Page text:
“Blah” days are wonderful for writing morbid, depressing stories riddled with misery and misfortune. On those days, it’s easy to dream up bad things to happen to unlucky characters. Rather than assume this is because I’m a cruel person, I prefer to rationalize it as me being an artist breathing authentic sorrow into the lungs of my characters.
Yeah, that’s a load of baloney. The fact is, if I’m not happy, my characters cannot be happy either.
This causes a problem when I’m working on a story that’s supposed to have a touching twist. On my “blah” day, it becomes a twisted ending instead.
Here’s what I mean. Monday was my “blah” day and it was also a day where I had a couple hours to write. My character was supposed to realize he misjudged someone before any harm was done. God had been watching over him.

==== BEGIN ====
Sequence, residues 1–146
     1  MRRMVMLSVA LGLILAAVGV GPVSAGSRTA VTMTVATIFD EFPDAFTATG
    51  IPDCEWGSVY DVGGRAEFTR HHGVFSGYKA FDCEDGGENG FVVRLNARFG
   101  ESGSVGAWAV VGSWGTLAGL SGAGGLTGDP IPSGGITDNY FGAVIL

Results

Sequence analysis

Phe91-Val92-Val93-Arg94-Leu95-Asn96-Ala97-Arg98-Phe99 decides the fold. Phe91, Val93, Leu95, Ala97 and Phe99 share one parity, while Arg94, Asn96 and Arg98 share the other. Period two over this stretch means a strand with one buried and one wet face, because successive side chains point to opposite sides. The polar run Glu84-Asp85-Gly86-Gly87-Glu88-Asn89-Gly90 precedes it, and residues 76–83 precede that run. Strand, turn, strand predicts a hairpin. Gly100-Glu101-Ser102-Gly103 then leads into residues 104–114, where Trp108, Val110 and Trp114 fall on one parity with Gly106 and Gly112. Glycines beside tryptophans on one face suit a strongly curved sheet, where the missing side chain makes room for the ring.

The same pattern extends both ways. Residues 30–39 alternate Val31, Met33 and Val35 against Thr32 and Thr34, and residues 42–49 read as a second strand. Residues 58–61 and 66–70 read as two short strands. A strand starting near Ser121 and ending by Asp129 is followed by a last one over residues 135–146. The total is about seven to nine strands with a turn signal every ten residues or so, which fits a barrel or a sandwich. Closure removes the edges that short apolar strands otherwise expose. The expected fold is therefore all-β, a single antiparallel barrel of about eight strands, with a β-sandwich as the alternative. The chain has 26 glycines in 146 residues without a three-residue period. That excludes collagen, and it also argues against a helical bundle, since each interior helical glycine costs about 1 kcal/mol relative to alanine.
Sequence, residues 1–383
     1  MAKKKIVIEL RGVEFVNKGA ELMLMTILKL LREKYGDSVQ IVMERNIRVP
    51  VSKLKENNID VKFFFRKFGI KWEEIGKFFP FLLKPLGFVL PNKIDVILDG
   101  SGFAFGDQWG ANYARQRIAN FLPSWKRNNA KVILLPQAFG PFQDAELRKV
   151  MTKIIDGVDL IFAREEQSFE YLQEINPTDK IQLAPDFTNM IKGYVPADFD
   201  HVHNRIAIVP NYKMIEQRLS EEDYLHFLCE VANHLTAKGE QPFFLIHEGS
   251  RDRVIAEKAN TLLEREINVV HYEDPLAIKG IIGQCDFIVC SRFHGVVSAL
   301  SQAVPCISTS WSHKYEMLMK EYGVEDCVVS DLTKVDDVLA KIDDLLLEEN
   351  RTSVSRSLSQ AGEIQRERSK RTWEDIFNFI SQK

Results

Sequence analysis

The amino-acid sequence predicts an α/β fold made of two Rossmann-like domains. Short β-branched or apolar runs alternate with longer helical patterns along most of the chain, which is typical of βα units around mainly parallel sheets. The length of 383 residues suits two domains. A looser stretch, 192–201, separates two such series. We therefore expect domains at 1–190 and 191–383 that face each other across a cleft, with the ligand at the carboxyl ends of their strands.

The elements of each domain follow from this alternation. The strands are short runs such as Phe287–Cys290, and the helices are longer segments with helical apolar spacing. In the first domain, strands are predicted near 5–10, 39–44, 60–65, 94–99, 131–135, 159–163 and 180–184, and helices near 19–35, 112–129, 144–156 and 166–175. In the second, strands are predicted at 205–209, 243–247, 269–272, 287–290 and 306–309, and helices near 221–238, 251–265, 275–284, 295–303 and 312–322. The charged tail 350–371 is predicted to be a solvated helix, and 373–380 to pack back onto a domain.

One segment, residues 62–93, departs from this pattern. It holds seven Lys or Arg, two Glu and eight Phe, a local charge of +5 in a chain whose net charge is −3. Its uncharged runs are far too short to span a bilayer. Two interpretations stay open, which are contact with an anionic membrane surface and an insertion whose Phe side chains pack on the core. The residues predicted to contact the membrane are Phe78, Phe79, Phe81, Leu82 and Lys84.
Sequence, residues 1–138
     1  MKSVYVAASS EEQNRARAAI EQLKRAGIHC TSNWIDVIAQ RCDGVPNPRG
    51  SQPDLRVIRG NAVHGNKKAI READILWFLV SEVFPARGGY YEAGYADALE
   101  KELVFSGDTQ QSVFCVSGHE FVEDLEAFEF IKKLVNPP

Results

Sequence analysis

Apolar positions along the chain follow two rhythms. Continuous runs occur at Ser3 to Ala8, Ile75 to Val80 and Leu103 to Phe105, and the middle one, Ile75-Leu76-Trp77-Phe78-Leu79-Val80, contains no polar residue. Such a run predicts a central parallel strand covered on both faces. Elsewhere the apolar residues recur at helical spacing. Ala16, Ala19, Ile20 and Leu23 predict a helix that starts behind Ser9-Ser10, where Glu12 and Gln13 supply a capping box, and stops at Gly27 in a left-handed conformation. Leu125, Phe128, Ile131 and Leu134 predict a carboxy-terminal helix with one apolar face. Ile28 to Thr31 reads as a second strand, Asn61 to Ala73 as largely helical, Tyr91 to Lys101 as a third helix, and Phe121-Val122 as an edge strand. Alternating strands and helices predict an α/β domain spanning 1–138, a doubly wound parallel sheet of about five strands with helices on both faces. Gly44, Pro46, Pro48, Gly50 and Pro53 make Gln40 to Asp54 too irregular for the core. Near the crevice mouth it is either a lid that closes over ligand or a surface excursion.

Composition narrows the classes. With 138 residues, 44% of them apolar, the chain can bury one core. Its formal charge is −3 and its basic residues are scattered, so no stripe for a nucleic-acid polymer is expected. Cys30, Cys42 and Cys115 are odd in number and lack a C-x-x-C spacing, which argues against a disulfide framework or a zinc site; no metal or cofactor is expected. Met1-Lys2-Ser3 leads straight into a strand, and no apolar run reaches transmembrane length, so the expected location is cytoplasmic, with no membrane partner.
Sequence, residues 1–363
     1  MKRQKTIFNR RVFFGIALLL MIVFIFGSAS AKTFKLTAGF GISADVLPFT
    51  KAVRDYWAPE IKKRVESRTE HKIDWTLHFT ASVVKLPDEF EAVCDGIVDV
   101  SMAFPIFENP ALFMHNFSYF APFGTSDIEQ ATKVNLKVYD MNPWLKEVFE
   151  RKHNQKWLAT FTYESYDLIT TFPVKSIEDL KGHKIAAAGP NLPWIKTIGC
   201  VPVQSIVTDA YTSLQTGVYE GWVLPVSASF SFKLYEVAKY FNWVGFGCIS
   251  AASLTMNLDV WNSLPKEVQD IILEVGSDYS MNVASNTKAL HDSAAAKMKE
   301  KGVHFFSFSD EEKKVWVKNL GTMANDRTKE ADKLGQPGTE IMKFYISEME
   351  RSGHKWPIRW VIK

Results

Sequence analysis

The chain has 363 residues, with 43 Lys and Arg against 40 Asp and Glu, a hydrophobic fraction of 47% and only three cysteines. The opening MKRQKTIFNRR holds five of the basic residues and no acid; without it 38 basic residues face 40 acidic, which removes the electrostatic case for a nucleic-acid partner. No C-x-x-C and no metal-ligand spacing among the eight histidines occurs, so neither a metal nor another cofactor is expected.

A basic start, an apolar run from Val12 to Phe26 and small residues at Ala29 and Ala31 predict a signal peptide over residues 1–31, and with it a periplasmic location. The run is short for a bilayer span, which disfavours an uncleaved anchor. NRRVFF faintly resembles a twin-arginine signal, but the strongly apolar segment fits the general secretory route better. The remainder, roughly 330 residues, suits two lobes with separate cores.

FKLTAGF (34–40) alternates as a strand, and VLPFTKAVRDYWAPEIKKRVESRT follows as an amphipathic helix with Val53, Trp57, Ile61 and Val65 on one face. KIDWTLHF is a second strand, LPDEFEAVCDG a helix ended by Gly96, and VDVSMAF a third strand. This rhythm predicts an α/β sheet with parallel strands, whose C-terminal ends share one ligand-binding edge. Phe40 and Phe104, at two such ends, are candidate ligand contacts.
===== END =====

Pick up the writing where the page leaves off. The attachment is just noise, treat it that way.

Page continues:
My “blah” day would let me have none of that. My fingers typed out a scenario where my character killed the man. There was no contemplation or restraint – one blow and he was dead. Instead of God watching over him, Satan sat in the corner laughing his head off. That’s just not nice.
I deemed that writing a hope-filled story was hopeless that day, so instead, I wrote a blog post about my damaged washing machine. (Sorry about that, everyone. You’ll be pleased to know that my “blahs” have gone away. However, my washing machine noise hasn’t.)
Interestingly, I’ve found that if I am in a cheery mood, I can channel memories of anger, frustration, sadness, and basically any emotion that brings me down, to write a story. Why can’t it work the other way around?
Here’s a poem I wrote on Monday morning, before I knew the frustrations of the day:
Tears For No Reason
I woke in a mood –
A dark shade of gray;
Much sadder than blue,
Why did it find me today?
Songs of grace and glory,
Hope, love and redemption
Should be of comfort to me –
But tears fell for no reason.
Is your writing affected by your moods? Or are you able to overcome your mood and “become” your characters?